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Anna Alma-Tadema; British artist, daughter of painter Sir Lawrence Alma-Tadema. Created drawings and paintings of portraits, interior scenes, flowers and buildings. Influenced by her father, and showed her works at exhibitions with her father and step-mother, Laura Theresa Alma-Tadema. Her work was shown at national exhibitions, like the Royal Academy of Arts, and the 1893 World's Columbian Exposition in Chicago where she won a prize. She also won a medal at the 1889 Paris exhibition.
Alma-Tadema painted portraits, like Miss Tessa Gosse. This and other works, like The Misty Valley and The Gold Room, were shown at the Royal Academy of Arts. Also made paintings of flowers, pencil and chalk portraits, and watercolors of house interiors and buildings.
... Alma-Tadema was described by biographer Helen Zimmern as a "delicate, dainty artist who has inherited so much of her father's power for reproducing detail."
She exhibited works in England from 1885-1928. In 1889 she won a medal at the Paris exhibition. She exhibited The Idler's Harvest at the Royal Academy in 1898....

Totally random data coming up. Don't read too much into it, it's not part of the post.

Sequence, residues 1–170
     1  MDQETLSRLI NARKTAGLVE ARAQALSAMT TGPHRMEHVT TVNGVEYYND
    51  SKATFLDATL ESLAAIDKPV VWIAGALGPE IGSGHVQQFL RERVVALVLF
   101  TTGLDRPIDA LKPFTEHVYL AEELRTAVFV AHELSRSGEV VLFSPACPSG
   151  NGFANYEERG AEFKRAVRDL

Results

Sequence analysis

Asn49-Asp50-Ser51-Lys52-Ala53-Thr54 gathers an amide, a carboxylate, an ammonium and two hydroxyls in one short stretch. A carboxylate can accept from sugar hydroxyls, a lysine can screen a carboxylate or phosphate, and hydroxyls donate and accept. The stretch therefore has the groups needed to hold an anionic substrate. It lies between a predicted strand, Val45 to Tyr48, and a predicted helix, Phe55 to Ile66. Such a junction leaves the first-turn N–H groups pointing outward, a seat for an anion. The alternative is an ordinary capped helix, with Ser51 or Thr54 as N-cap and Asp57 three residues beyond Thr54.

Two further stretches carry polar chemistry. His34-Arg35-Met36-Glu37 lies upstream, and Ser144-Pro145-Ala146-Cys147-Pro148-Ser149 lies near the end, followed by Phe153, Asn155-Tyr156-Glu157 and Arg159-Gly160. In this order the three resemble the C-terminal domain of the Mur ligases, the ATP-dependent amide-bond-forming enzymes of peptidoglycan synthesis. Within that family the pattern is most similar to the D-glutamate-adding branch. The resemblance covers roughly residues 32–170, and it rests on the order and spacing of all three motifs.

She was committed to women's right to vote and signed the Some Supporters of the Women's Suffrage Movement in 1897. Neither Anna Alma-Tadema nor her sister married. They were poor and did not have successful careers in their later years.
The two Alma-Tadema sisters never married – in fact, Laurence, a writer, wrote a short poem, “If No One Ever Marries Me” in 1897. The two sisters reputedly lived in poverty and obscurity after their father’s death, which is unfortunate given their talent and promise. To help pull Anna’s work out of obscurity, I’ll be more careful and specific when I label something by one of the Alma-Tadema painters. Even in writing this post, I found several paintings by Laura and Anna which were attributed to Lawrence (something another blogger lamented back in 2011!).